In short, in the words of a classic: “maybe it would be a completely different Adolf, and maybe it wouldn’t be Adolf either…” Famous American country singer Dolly Parton in Nashville, Tennessee, 2005. (Free work). A little closer to the truth was Spilberg’s blockbuster Jurassic Park, which worked with the idea of ​​Mesolithic dinosaurs preserved in time and currently used for cloning. The closest ambitious plans are to clone mammoths, but so far we do not have to be afraid of such “success” (see box 2 below). On the other hand, cloning of cattle has been and is feasible, despite technical and biological difficulties, quite a number of cattle clones have been born. But cloning in cattle certainly did not happen – by cloning, ie creating an identical copy, the breeder deprives himself of the so-called genetic gain; it stems from the fact that offspring are always better (understand more efficient in the production of meat, milk) than parents. See also Two Norwegian sisters killed by lightning, third seriously injured So we don’t just laugh, so what was 1996 and Dolly’s birth so special that he moved the world? Although nuclear transfer cloning was not a hot new feature, it was revolutionary to find that a terminally differentiated cell has the potential to dedifferentiate, i.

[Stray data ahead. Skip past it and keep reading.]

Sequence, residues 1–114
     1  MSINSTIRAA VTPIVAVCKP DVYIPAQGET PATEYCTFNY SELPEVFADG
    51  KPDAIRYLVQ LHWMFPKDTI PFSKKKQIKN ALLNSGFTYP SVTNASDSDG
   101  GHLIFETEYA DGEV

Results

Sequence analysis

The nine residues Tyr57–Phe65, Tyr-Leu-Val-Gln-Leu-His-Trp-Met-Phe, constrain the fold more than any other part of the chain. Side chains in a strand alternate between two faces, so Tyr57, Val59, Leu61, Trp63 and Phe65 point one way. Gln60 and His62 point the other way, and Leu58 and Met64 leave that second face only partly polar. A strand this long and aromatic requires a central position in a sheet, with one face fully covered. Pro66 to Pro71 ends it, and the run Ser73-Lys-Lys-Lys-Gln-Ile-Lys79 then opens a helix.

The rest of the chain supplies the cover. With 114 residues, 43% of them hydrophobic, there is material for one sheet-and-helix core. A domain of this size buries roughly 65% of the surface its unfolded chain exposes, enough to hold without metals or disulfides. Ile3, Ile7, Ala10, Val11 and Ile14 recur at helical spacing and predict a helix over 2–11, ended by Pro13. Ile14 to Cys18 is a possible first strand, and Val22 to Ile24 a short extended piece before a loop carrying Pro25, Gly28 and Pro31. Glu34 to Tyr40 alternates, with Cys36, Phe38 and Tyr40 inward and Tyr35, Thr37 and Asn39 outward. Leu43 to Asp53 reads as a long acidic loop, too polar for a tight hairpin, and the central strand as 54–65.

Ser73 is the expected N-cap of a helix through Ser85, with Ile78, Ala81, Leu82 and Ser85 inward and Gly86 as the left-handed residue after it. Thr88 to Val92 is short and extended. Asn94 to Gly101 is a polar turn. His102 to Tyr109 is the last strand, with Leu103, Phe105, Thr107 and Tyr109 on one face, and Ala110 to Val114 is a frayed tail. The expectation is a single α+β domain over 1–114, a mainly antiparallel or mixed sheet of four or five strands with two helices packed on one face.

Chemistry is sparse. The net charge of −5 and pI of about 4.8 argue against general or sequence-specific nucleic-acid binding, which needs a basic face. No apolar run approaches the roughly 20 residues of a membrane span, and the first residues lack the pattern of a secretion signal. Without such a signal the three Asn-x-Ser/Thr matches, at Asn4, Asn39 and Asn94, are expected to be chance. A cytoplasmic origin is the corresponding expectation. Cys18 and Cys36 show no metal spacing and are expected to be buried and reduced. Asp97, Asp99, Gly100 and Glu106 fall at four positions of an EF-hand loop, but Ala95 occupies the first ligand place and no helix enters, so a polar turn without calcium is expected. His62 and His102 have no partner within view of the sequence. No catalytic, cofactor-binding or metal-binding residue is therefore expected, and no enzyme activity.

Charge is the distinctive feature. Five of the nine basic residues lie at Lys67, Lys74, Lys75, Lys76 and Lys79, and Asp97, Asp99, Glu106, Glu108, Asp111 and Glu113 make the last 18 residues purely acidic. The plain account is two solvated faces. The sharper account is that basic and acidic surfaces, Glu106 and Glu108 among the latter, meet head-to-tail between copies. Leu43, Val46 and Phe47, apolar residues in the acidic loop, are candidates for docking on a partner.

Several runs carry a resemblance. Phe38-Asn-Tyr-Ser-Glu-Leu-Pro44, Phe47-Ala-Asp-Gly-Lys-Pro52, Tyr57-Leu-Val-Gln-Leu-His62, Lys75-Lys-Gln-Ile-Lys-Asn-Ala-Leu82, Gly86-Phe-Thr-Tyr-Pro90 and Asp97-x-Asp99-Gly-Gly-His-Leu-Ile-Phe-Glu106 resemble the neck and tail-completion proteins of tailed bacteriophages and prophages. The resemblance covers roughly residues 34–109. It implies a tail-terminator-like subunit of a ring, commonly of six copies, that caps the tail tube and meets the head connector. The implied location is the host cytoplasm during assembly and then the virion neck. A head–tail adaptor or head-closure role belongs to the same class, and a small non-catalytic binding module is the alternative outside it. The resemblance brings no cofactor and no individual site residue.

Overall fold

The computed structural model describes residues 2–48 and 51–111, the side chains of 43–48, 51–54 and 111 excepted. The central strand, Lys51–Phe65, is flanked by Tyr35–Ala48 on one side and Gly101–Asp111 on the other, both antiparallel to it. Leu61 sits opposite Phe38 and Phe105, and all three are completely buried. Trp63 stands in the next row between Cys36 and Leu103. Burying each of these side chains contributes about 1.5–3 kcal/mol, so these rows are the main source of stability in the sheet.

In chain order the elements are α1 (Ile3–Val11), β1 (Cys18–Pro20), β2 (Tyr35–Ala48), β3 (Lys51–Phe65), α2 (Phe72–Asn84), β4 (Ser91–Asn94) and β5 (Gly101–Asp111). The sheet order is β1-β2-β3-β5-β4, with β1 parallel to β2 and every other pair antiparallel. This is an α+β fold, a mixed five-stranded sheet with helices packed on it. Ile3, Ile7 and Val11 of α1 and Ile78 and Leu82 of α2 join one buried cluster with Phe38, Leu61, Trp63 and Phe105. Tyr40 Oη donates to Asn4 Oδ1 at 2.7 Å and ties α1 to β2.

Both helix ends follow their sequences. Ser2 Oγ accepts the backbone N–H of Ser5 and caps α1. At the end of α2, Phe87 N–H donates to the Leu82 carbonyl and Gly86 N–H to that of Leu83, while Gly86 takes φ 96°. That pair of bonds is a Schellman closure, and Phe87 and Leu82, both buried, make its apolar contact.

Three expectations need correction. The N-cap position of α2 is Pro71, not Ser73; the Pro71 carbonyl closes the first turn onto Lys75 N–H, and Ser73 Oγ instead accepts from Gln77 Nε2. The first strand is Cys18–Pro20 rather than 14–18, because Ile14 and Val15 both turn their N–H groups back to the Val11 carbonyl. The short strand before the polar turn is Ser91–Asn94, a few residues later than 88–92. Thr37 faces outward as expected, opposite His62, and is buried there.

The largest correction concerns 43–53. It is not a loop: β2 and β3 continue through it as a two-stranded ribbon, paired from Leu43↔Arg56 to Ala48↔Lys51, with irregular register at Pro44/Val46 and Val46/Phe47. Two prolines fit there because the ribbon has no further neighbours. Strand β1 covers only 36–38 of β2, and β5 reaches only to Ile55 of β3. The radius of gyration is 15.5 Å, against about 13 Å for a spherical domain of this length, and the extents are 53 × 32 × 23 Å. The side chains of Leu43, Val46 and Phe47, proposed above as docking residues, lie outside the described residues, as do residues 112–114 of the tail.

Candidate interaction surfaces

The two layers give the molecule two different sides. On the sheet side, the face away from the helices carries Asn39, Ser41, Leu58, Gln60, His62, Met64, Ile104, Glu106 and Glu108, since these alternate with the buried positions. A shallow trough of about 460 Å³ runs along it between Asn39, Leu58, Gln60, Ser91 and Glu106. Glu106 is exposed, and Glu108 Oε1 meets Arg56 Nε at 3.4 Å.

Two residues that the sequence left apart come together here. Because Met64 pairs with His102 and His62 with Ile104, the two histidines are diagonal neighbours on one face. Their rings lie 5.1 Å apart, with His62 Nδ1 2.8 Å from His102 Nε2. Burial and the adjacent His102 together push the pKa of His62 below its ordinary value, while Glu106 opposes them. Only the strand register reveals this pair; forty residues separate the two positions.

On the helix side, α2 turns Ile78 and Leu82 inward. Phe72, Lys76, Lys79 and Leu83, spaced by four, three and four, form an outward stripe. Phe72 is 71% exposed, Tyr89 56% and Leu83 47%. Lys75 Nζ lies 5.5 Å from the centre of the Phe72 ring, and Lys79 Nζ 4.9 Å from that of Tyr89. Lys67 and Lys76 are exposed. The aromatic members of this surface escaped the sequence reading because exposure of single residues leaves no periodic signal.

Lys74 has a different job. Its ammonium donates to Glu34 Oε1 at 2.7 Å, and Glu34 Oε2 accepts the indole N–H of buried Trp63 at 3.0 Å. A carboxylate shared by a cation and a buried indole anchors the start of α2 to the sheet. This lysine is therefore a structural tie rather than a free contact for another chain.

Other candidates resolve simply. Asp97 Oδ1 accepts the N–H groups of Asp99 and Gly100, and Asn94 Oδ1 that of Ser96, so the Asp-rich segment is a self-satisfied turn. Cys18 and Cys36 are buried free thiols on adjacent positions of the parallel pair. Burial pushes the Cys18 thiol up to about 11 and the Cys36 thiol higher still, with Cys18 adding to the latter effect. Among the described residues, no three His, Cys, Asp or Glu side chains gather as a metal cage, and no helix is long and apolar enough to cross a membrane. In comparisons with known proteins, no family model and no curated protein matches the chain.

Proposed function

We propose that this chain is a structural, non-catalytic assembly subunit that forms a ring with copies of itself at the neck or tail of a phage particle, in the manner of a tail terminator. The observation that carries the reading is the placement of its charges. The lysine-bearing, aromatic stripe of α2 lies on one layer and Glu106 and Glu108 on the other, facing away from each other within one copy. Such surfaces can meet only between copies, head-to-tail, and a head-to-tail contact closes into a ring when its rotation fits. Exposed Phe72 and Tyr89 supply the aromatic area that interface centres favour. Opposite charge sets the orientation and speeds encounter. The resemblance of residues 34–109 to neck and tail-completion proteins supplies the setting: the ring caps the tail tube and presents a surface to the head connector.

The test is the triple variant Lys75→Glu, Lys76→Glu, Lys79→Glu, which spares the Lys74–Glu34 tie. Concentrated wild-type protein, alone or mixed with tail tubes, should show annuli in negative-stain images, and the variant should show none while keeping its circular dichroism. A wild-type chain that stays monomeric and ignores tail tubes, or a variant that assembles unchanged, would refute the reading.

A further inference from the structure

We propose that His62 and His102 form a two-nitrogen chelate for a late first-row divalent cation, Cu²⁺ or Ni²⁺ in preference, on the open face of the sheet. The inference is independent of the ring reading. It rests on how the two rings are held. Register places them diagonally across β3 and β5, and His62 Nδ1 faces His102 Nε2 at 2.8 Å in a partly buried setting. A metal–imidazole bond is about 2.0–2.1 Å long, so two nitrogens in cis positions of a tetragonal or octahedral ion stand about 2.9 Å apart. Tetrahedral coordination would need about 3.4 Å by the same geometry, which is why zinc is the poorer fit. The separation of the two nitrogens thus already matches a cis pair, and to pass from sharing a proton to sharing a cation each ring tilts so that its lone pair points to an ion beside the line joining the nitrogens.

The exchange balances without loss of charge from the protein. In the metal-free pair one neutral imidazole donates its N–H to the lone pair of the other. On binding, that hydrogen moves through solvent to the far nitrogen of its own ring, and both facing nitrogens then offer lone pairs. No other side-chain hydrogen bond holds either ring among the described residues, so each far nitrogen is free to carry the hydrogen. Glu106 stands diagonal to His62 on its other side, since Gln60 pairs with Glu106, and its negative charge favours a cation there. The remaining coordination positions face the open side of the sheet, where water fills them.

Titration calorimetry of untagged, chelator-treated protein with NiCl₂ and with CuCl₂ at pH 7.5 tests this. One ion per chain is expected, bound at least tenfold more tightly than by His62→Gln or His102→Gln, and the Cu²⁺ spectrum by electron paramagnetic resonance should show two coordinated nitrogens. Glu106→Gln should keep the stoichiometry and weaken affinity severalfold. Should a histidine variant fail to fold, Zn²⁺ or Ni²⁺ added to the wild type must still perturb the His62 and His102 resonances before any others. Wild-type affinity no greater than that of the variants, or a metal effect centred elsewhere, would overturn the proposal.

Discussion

e., become a stem cell again. It’s like going back in time, because previous assumptions have claimed a one-way process of cell differentiation. The egg that is capable of this was suddenly viewed as the Philosopher’s Stone, thanks to which we create gold (stem cells) from plums (somatic cells). The tool of therapeutic cloning was born: ‘take any cell of your body, insert a donor into it, create your own clone (genetically and immune-free) and let it develop to the stage of a 5-day blastocyst in vitro ; isolate embryonic stem cells from it and use them where you need to find a remedy – Parkinson’s disease? Multiple sclerosis? Cirrhosis of the liver? No problem!’ In total, Dolly gave birth to six lambs in her lifetime. Pictured with triplets Lucy, Darcy and Cotton. Credit: Roslin Institute. True, this does not sound completely non-conflicting, so it is no wonder that therapeutic cloning has brought ethical pitfalls much more contemporary than a cloned dictator. And again, we surprised ourselves and asked ourselves whether “we can do whatever we can.” Creating an embryo and a potential being for the purpose of someone else’s therapy is unacceptable and has practically put a stop to this branch of regenerative medicine.